—  that HMI's main role is that of inspection of LEAs' quality assurance procedures and services;

    —  that HMI inspections should only focus on schools where LEA quality assurance procedures have failed and where information is needed for national thematic reports.

  45.  The NUT believes that its proposals provide a positive alternative to the current non-developmental model of OFSTED inspection.

  46.  Even OFSTED now recognises the importance of self-evaluation. The OFSTED guidance to inspectors and schools states that "the school that knows and understands itself is well on the way to solving any problem it has" (OFSTED Handbook 2000). In addition, the recent OFSTED consultation "Improving Schools" proposed to secure a more productive relationship between external inspection and self-evaluation and has led to the formation of a working party, including serving headteachers and LEA personnel, to consider how self-evaluation can be integrated into Section 10 inspections. The NUT welcomes, in particular OFSTED's proposal "to increase . . . support for effective school management, including self-evaluation, in collaboration with the DfES and others." Such an approach could be a step towards school self-evaluation as a model for which the NUT has consistently pressed.

  47.  The NUT believes, however, that school self-evaluation instruments and approaches cannot be imposed. Neither can school self-evaluation command fully the confidence of teachers when it is required to take place within inspections arrangements which have punitive rather than developmental consequences. Nevertheless, as indicated above, the NUT welcomes OFSTED's proposal as a step in the right direction.

  48.  There are a number of specific recommendations which the NUT believes the Select Committee could consider in terms of the future role of OFSTED.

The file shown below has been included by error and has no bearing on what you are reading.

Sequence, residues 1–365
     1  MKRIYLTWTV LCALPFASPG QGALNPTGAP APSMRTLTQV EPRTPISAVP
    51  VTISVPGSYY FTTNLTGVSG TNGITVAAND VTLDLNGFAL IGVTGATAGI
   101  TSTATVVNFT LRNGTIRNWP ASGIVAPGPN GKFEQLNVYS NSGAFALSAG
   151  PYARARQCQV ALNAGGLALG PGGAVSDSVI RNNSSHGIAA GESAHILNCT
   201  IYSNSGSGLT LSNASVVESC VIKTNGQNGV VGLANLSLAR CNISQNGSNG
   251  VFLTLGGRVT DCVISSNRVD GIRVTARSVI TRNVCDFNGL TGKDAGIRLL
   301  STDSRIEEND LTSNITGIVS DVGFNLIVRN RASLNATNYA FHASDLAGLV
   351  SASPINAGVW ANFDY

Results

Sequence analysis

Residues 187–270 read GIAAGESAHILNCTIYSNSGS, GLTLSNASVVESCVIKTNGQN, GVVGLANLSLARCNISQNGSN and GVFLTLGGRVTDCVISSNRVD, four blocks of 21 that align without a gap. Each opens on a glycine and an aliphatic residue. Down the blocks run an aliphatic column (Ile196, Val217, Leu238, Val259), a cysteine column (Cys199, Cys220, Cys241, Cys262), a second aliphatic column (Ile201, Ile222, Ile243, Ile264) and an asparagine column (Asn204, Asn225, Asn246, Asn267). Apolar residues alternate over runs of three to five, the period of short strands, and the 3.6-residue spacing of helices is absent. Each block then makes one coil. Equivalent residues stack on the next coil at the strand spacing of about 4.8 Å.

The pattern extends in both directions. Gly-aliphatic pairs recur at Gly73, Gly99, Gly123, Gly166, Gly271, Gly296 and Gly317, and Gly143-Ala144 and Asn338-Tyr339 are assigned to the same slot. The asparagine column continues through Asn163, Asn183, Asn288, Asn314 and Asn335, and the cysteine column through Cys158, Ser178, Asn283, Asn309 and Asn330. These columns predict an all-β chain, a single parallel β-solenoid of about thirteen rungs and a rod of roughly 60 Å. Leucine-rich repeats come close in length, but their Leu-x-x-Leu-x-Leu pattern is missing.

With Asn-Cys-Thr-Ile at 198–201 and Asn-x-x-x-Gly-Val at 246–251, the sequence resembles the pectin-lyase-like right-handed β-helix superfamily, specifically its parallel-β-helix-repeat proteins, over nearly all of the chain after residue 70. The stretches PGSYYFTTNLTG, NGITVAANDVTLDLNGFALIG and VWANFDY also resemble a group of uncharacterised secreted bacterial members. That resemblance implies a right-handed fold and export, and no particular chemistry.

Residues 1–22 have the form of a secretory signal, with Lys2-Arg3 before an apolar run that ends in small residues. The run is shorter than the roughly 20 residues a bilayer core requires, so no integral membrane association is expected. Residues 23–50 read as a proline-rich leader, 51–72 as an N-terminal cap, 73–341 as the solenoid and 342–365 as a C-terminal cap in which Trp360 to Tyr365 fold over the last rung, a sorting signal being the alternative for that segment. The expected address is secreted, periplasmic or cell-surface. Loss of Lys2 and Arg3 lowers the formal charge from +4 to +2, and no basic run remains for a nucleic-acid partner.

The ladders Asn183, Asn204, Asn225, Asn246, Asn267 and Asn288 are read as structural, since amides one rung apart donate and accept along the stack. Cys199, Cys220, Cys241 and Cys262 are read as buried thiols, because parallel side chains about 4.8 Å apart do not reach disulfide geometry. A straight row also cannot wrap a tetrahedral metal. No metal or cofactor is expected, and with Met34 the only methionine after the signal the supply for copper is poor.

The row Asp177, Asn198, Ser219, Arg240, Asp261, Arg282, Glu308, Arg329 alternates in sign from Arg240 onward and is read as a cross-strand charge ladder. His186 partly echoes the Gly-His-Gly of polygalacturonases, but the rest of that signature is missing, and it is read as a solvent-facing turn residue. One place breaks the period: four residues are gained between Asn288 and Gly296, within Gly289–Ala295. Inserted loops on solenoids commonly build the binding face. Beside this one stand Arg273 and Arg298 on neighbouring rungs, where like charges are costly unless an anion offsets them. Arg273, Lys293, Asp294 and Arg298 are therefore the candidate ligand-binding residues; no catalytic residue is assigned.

COMPLAINTS PROCEDURES

  49.  The NUT has dealt with a steady stream of cases at regional and national level about the nature of inspection judgements since the inception of OFSTED. Examples include complaints arising from:

    —  inspectors writing reports which whilst not naming an individual teacher make their identity apparent;

    —  inspectors breaking the confidentiality procedures built in to the reporting on the quality of teaching;

    —  inspectors not being adequately prepared for inspections;

    —  inspectors "flitting" in and out of lessons which they are meant to be observing consistently; and

    —  verbal feedback and oral reports being completely different to the comments in the final written report.

  50.  In an operation with the significance and peculiarities of the current arrangements, inevitably there will continue to be contested judgements. It is important, however, that OFSTED should make it abundantly clear that all aspects of inspections are subject to independent scrutiny and accountability through a fair and open complaints procedure. In this context, the NUT welcomes the recent proposal that the OFSTED adjudicator should be appointed by Government through normal Nolan procedures.

  51.  The NUT notes the recognition in the 2001 OFSTED document "Improving Inspection, Improving Schools" that, "some school inspections do not yet meet all the requirements set out by OFSTED as well as they might." This is an important recognition because, although most schools do not have disputes with inspection teams which they would wish to pursue, there is still a view amongst many headteachers and teachers that they can be lucky of unlucky with the teams contracted to inspect their schools.

  52.  Where there are substantive complaints from schools about inspection teams which have not been resolved, the OFSTED Complaints Adjudicator (OCA) should have additional powers. S/he should make the decision whether or not to delay the sending of the report to the headteacher and the governing body while the complaints are investigated and resolved. The requirement to send inspection reports to the head and the governing body within five weeks of the inspection should be disapplied in such cases.

  53.  Currently corroboration by HMI of recommendations that schools should be placed under special measures or serious weaknesses cannot be delayed while complaints are considered. This is clear from the current complaints procedure. The OCA should have the power to delay such corroboration if there is substantive and compelling evidence in favour of such delay that she should do so. Where schools have been designated as being in need of special measures, or are deemed to have serious weaknesses, and complaints are upheld which invalidate those descriptions, such designations should be withdrawn.